> Joseph Needham posits that “image-chess,” a recreational game associated with divination, was developed in China and transmitted to India, where it evolved into the form of modern military chess. Needham notes that dice were transmitted to China from India, and were used in the game of “image-chess.”

> Another alternative theory contends that chess arose from Xiangqi or a predecessor thereof, existing in China since the 2nd century BC. David H. Li, a retired accountant, professor of accounting and translator of ancient Chinese texts, hypothesizes that general Han Xin drew on the earlier game of Liubo to develop an early form of Chinese chess in the winter of 204–203 BC. The German chess historian Peter Banaschak, however, points out that Li’s main hypothesis “is based on virtually nothing”. He notes that the “Xuanguai lu,” authored by the Tang Dynasty minister Niu Sengru (779–847), remains the first real source on the Chinese chess variant xiangqi.

In my half-assed 5-minute Wikipedia/Baidu Zhidao research, I don’t see reference to the emperor of China sponsoring the invention of any form of chess. Could this be an inaccurate reference to Han Xin (韩信), who is connected to the history of Chinese chess (象棋)? If anyone has more info, I’d love to hear it. Is Kurzweil’s story about Chinese chess, rice grains, and exponential growth just another fake Chinese anecdote, or is there anything to back it up?

Chinese Chess, 中国象棋

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John Pasden

John is a Shanghai-based linguist and entrepreneur, founder of AllSet Learning.

Comments

  1. My understanding of the origins of chess (where I got this info is lost on me) is that it came out of India, and that both Western and Chinese chess are variants that evolved as the original Indian game spread across the world.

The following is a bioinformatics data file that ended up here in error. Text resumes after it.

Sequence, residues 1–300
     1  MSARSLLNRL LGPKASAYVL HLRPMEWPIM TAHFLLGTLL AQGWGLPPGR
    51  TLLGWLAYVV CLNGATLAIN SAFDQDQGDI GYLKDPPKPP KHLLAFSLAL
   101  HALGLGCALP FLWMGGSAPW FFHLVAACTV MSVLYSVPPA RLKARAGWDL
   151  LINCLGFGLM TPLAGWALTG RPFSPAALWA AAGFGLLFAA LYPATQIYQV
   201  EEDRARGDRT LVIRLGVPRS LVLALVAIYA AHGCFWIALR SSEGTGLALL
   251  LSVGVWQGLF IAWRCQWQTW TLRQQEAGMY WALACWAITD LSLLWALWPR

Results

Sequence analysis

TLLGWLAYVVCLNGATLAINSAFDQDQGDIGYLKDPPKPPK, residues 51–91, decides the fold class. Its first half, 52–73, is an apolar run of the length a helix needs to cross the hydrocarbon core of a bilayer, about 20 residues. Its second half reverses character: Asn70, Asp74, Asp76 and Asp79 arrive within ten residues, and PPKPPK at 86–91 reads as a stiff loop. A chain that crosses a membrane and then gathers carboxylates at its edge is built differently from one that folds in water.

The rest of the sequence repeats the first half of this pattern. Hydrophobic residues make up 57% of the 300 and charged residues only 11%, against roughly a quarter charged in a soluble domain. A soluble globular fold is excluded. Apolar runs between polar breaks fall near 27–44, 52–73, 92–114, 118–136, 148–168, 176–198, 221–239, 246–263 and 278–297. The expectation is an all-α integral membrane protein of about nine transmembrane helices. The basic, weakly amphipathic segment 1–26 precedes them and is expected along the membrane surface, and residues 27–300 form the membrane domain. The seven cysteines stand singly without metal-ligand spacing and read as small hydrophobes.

I haven’t played any sort of Indian chess, but Western chess and xiangqi are very similar — with the exception of the river in the center of the board, which is said to have come from an ancient baijiu-swilling dongbei ren prone to relieving himself mid-game just uphill from his matches.

  2. gregorylent Says: March 7, 2010 at 3:32 pm

    the rice analogy is a teaching story in many cultures.

    and so is “the singularity”, ta-da … it is a metaphor for what already exists in the unbounded field of consciousness , just projected outwards. it is a metaphor for becoming enlightened

  3. I’ve heard the story about the rice grains and exponential growth before, but featuring a European ruler rather than a Chinese emperor. I can’t recall who the European ruler was, but one or possibly both accounts would have to be wrong.

  4. I’ve heard the rice story too, but I seem to recall it was set in Egypt, or some other similarly hot and sandy country.

    The Chinese chess board does have 64 squares, like a Western chess board (although it is also divided into two halves by a “river”, and the chess pieces themselves are placed on the intersections rather than in the squares), so the story is numerically, if not historically, accurate.